Presentation on theme: "16 Methods of Persuasion Slide No. Title Title Slide"— Presentation transcript:
1 16 Methods of Persuasion Slide No. Title Title Slide CredibilityEthosFactors of CredibilityTypes of CredibilityTips for Enhancing CredibilityCompetenceCharacterEstablishing Credibility (video)LogosEvidenceTips for Using EvidenceUsing EvidenceReasoningFour Types of ReasoningReasoning from Specific InstancesGuidelines for Reasoning from Specific InstancesReasoning from PrincipleGuidelines for Reasoning from PrincipleCausal ReasoningGuidelines for Causal ReasoningAnalogical ReasoningFallaciesHasty GeneralizationFalse CauseInvalid AnalogyRed HerringAd HominemEither-OrBandwagonSlippery SlopePathosEmotional AppealsTips for Generating Emotional AppealUsing Emotional Appeal (video)BlankMethods of Persuasion
2 Methods of Persuasion Building credibility Using evidence Reasoning Appealing to emotions
3 CredibilityThe audience's perception of whether a speaker is qualified to speak on a given topic.
4 EthosThe name used by Aristotle for what modern students of communication refer to as credibility.
9 Initial CredibilityThe credibility of a speaker before she or he starts to speak.
10 Derived CredibilityThe credibility of a speaker produced by everything she or he says and does during the speech.
11 Terminal CredibilityThe credibility of a speaker at the end of the speech.
12 Tips for Enhancing Credibility Explain your competenceEstablish common ground with your audienceDeliver your speeches fluently, expressively, and with conviction
13 LogosThe name used by Aristotle for the logical appeal of a speaker. The two major elements of logos are evidence and reasoning.
14 EvidenceSupporting materials used to prove or disprove something.
15 Tips for Using Evidence Use specific evidenceUse novel evidenceUse evidence from credible sourcesMake clear the point of your evidence
16 ReasoningThe process of drawing a conclusion on the basis of evidence.
17 Four Types of Reasoning Reasoning from specific instancesReasoning from principleCausal reasoningAnalogical reasoning
18 Reasoning from Specific Instances Reasoning that moves from particular facts to a general conclusion.
19 Guidelines for Reasoning from Specific Instances Avoid hasty generalizationsIf your evidence does not justify a sweeping conclusion, qualify your argumentReinforce your argument with statistics or testimony
20 Reasoning from Principle Reasoning that moves from a general principle to a specific conclusion.
21 Guidelines for Reasoning from Principle Make sure listeners will accept your general principleProvide evidence to support your minor premise
22 Causal ReasoningReasoning that seeks to establish the relationship between causes and effects.
23 Guidelines for Causal Reasoning Avoid the fallacy of false causeDo not assume that events have only a single cause
24 Analogical ReasoningReasoning in which a speaker compares two similar cases and infers that what is true for the first case is also true for the second.
25 Guidelines for Analogical Reasoning Above all, make sure the two cases being compared are essentially alike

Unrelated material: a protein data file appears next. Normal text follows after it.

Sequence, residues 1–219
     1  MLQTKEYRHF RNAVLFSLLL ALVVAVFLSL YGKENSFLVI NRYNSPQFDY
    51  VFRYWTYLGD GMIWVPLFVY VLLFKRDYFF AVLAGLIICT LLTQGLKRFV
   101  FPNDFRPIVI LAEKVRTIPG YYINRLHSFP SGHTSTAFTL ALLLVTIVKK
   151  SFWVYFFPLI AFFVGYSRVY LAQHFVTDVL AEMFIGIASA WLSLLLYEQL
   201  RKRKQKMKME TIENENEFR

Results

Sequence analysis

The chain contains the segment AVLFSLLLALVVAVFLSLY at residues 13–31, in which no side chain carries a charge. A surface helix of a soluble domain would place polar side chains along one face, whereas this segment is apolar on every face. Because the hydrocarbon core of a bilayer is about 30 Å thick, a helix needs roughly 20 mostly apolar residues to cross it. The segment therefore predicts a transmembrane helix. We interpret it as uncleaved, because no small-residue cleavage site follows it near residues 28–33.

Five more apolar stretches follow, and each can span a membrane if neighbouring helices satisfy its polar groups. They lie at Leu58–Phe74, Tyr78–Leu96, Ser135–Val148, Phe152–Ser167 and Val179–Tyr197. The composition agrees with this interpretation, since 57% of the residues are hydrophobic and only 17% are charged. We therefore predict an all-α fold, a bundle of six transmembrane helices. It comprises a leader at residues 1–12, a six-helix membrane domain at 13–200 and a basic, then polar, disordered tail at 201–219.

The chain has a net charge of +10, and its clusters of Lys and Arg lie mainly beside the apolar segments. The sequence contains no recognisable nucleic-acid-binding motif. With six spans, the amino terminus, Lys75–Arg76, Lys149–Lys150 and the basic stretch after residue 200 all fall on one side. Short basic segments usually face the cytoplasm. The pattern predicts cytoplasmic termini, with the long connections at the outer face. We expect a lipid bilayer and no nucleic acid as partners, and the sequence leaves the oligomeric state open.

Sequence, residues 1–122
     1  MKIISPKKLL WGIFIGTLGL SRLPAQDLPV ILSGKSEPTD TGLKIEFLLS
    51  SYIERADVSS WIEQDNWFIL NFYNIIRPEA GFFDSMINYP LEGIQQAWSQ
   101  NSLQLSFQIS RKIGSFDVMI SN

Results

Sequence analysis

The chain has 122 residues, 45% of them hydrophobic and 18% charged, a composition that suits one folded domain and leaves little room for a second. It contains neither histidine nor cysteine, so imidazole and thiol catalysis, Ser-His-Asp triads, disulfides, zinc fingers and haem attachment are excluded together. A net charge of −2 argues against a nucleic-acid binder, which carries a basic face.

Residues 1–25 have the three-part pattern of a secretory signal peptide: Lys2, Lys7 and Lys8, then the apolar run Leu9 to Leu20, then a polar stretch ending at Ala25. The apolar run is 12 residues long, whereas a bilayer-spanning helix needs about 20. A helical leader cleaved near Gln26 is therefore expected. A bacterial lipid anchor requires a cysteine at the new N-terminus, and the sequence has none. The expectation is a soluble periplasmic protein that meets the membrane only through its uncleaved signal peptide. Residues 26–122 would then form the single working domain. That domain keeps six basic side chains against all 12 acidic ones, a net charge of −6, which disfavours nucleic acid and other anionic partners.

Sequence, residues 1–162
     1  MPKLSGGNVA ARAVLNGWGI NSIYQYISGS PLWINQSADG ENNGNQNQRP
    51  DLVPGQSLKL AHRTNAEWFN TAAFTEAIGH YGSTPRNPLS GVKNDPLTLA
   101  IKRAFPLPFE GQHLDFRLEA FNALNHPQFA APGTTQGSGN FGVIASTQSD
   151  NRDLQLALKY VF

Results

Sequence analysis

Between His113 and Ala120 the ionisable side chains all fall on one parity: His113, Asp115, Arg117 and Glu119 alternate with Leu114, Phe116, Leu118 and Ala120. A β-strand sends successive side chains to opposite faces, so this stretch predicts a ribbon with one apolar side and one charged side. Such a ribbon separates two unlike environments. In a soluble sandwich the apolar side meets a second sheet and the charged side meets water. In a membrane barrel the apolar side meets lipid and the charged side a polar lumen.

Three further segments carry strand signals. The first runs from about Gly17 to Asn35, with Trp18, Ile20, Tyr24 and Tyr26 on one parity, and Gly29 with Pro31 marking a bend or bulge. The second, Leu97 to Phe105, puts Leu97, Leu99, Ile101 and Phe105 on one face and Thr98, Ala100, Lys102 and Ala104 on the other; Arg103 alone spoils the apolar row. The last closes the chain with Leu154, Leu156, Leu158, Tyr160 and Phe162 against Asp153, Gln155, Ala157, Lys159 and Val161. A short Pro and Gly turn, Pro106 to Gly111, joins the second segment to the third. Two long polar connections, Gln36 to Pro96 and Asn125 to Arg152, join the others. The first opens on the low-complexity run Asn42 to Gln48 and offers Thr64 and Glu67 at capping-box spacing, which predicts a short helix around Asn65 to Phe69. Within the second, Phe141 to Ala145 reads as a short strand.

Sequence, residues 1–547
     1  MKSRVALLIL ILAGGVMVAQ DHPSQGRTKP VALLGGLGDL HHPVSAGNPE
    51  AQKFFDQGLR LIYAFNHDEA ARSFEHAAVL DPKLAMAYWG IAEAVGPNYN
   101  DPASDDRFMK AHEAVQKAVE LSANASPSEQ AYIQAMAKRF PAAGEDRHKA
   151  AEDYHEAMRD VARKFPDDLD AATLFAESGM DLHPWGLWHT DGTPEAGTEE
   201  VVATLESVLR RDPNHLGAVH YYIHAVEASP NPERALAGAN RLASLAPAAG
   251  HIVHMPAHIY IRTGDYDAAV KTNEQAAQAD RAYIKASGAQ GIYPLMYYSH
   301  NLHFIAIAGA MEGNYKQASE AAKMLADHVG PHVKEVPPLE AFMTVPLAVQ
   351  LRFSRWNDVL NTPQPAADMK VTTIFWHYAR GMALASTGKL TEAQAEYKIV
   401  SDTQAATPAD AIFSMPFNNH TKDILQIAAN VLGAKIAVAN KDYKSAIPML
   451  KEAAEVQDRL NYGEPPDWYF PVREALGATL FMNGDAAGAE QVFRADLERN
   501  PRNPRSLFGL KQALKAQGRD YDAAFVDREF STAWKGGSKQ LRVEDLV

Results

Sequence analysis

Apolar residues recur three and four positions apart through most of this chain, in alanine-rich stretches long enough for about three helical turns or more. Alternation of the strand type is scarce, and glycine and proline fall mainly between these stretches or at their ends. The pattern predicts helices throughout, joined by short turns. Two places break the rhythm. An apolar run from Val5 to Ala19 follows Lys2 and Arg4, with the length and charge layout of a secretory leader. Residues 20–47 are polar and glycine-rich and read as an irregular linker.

29 Hasty GeneralizationA fallacy in which a speaker jumps to a general conclusion on the basis of insufficient evidence.
30 Hasty Generalization“Last year alone three members of our state legislature were convicted of corruption. We can conclude, then, that all of our state's politicians are corrupt.”
31 False CauseA fallacy in which a speaker mistakenly assumes that because one event follows another, the first event is the cause of the second.
32 False Cause“I'm sure the stock market will rise this year. It usually goes up when the American League wins the World Series.”
33 Invalid AnalogyAn analogy in which the two cases being compared are not essentially alike.
34 Invalid Analogy“Of course Lisheng can prepare great Italian food; his Chinese cooking is fabulous.”
35 Red HerringA fallacy that introduces an irrelevant issue to divert attention from the subject under discussion.
36 Red Herring“Why should we worry about endangered animal species when thousands of people are killed in automobile accidents each year?”
37 Ad HominemA fallacy that attacks the person rather than dealing with the real issue in dispute.
38 Ad Hominem“The governor has a number of interesting economic proposals, but let’s not forget that she comes from a very wealthy family.”
39 Either-OrA fallacy that forces listeners to choose between two alternatives when more than two alternatives exist.
40 Either-Or“The government must either raise taxes or reduce services for the poor.”
41 BandwagonA fallacy that assumes that because something is popular, it is therefore good, correct, or desirable.
42 Bandwagon“The President must be correct in his approach to domestic policy; after all, polls show that 60 percent of the people support him.”
43 Slippery SlopeA fallacy that assumes that taking a first step will lead to subsequent steps that cannot be prevented.
44 Slippery Slope“Passing federal laws to control the amount of violence on television is the first step in a process that will result in absolute government control of the media and total censorship over all forms of artistic expression.”
45 Emotional AppealsAppeals that are intended to make listeners feel sad, angry, guilty, afraid, happy, proud, sympathetic, reverent, or the like.
46 PathosThe name used by Aristotle for what modern students of communication refer to as emotional appeal.
47 Tips for Generating Emotional Appeal Use emotional languageDevelop vivid examplesSpeak with sincerity and conviction
48 Using Emotional Appeal Ethically Make sure emotional appeal is appropriate to the speech topicDo not substitute emotional appeal for evidence and reasoning